The Mafia Commission is a well researched book on the nearly 100 year history of the Mafia's Board of Directors. It begins with the era before the formation of the Commission in 1931 and continues to the famous 1986 trial that brought the Commission to its knees.
Joseph Bonanno sent Carmine Galante to Montreal to organize the gambling and vice rackets. By the mid-1950s the syndicate was infested there. A cold-blooded killer, Galante used coercion to bring betting houses in line for the New York mob. Protection payments and extortion insured a steady flow of money from Montreal to Gotham. Then Luciano began the French Connection from exile in Naples.
Joe Lanza ascended the ranks at the Fulton Street Fish Market. First he was a laborer who unloaded fish from ships. Later he helped organize the Seafood Workers Union, Local 359. At one point Lanza went to prison for violating the Sherman Antitrust Act. He perfected a systematic method of extorting large sums of money from wholesale fish dealers, refusing to allow them to unload their own cargo.
Carmelo Liconti and Johnny Silk Stockings Guistra were two Italians from Calabria who attempted to broker a truce during the Castellammarese War for Mafia supremacy in New York City. Liconti and Guistra both lost their lives in this endeavor. Carmelo was strangled and garroted in the Hotel Paramount where he went for a presumed meeting in 1931. Liconti had ties to numerous mobsters of the era
In April 1931 Giuseppe Masseria was betrayed by one of his closest associates Lucky Luciano. Giuseppe's execution in a Coney Island restaurant was one of many events in a gang war in which the Masseria group lost 40 to 60 of its men to gun violence. My e-book looks at the murders of Masseria men, Steve Ferrigno and Al Mineo, Masseria's rise to power and his assassination by people he trusted most.
The early 1930s was a time of the Castellammarese War and the murder of "Joe the Boss" Masseria in a Coney Island restaurant in 1931. My ebook focuses on the short tenure of Salvatore Maranzano as Mafia boss of bosses. Specifically I look at the life of Angelo Caruso chosen by Maranzano as his underboss in 1930. Caruso was a career criminal who came to a bloody end in prison on Welfare Island.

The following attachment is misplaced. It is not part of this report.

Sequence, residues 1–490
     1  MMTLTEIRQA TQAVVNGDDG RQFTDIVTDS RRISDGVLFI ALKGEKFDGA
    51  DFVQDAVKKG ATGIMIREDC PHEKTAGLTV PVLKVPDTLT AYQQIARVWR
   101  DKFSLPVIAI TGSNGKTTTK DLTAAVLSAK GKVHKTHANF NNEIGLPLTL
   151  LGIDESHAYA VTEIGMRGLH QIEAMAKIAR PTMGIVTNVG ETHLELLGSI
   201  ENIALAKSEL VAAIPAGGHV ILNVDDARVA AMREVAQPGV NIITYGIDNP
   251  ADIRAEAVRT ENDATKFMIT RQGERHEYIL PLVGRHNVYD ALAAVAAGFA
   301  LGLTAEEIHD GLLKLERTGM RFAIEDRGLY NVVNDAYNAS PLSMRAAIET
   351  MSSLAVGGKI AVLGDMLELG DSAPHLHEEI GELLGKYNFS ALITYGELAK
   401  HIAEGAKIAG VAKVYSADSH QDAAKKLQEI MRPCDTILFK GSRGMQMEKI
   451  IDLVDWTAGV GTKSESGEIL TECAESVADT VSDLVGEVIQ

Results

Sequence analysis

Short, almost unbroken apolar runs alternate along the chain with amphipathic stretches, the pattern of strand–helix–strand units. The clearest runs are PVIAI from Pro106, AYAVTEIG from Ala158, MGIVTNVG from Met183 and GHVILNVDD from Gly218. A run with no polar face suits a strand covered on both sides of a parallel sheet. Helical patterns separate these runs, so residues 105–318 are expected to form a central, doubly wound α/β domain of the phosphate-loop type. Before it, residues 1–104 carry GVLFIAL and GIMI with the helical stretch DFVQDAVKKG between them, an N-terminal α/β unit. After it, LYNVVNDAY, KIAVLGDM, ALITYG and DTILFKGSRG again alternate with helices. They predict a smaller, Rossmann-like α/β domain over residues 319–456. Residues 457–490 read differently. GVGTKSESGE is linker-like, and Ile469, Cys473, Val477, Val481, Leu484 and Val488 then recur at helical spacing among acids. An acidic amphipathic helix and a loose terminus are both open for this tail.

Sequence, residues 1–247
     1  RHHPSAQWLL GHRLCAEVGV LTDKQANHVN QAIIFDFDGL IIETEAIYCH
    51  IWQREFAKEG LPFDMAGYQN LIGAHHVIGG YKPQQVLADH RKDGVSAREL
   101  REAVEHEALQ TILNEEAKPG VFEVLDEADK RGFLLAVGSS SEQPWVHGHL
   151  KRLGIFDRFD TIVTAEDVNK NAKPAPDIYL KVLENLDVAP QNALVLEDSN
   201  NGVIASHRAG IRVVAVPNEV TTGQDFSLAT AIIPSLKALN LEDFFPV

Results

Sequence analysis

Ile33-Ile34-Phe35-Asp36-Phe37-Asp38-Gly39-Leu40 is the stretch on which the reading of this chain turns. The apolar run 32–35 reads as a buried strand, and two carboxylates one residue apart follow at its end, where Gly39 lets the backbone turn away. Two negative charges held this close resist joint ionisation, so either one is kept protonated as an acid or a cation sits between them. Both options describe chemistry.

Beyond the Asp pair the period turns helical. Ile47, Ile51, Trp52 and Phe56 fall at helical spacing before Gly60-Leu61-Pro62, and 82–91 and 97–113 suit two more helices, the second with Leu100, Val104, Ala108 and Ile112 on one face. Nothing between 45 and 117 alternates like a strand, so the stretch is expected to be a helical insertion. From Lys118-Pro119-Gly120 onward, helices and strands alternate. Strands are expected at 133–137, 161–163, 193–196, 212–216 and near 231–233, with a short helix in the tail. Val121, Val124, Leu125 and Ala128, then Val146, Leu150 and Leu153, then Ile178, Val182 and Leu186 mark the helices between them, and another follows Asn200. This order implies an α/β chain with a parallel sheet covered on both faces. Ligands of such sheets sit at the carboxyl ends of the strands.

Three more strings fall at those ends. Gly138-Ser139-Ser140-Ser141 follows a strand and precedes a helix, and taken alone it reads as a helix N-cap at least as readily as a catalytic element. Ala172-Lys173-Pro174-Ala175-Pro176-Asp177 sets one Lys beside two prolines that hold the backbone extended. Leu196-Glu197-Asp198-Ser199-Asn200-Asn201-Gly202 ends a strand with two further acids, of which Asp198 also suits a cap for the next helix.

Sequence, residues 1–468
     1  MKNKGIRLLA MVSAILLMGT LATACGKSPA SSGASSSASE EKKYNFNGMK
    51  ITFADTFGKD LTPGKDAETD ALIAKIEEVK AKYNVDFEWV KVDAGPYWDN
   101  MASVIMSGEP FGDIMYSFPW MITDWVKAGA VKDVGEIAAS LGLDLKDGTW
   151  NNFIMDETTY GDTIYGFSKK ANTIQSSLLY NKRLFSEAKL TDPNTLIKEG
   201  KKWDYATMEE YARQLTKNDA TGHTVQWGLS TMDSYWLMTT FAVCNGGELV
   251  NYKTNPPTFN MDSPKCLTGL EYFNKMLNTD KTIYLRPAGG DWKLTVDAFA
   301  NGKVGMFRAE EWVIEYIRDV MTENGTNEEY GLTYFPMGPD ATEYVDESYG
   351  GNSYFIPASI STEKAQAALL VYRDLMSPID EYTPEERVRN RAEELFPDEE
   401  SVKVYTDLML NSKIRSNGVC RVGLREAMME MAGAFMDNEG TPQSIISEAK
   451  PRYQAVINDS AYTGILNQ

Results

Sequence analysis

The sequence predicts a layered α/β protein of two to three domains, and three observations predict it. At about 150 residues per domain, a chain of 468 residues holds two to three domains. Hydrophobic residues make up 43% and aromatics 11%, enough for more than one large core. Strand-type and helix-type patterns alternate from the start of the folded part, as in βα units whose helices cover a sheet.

The Genovese family had fallen on hard times by the time Funzi Tieri became its boss in the late 1970s, Both Vito Genovese and Tieri had been associates of Charles Lucky Luciano, whose legacy for narcotics racketeering and profit making was well known. The Mafia continued evolving. Atlantic City offered new rackets. Tieri profited from the execution of Philadelphia Boss Angelo Bruno in 1979.
Carmine Galante inherited the title of Mafia Boss of Bosses after Carlo Gambino's death in 1976. Galante was a career mobster who at one time was the lynchpin of Charles Lucky Luciano's narcotics ring. My e-book looks at Galante's possible role in the 1943 murder of Carlo Tresca. It also looks at a police pursuit of him in 1959 that ended with his capture on the Garden State Parkway in New Jersey.
My e-book looks at Lucky Luciano's career beginning with his arrest and conviction for compulsory prostitution in 1936.It continues until his fatal heart attack which occurred in 1962 at an airport in Naples. The text was researched in New York newspapers from the 1930s-1960s and books. Luciano was considered dangerous even in exile. At the end of his life he was planning a large narcotics ring.
Giuseppe Masseria was involved in gambling, bootlegging, and also the food industry racket. Newspapers from the 1930s wrote that his power rivaled that of Al Capone, who he may have worked with or for. It is interesting that Masseria was lured from his base in Harlem to his death some distance away in Coney Island. It was a savage time in the history of organized crime, the beginning of the 1930s.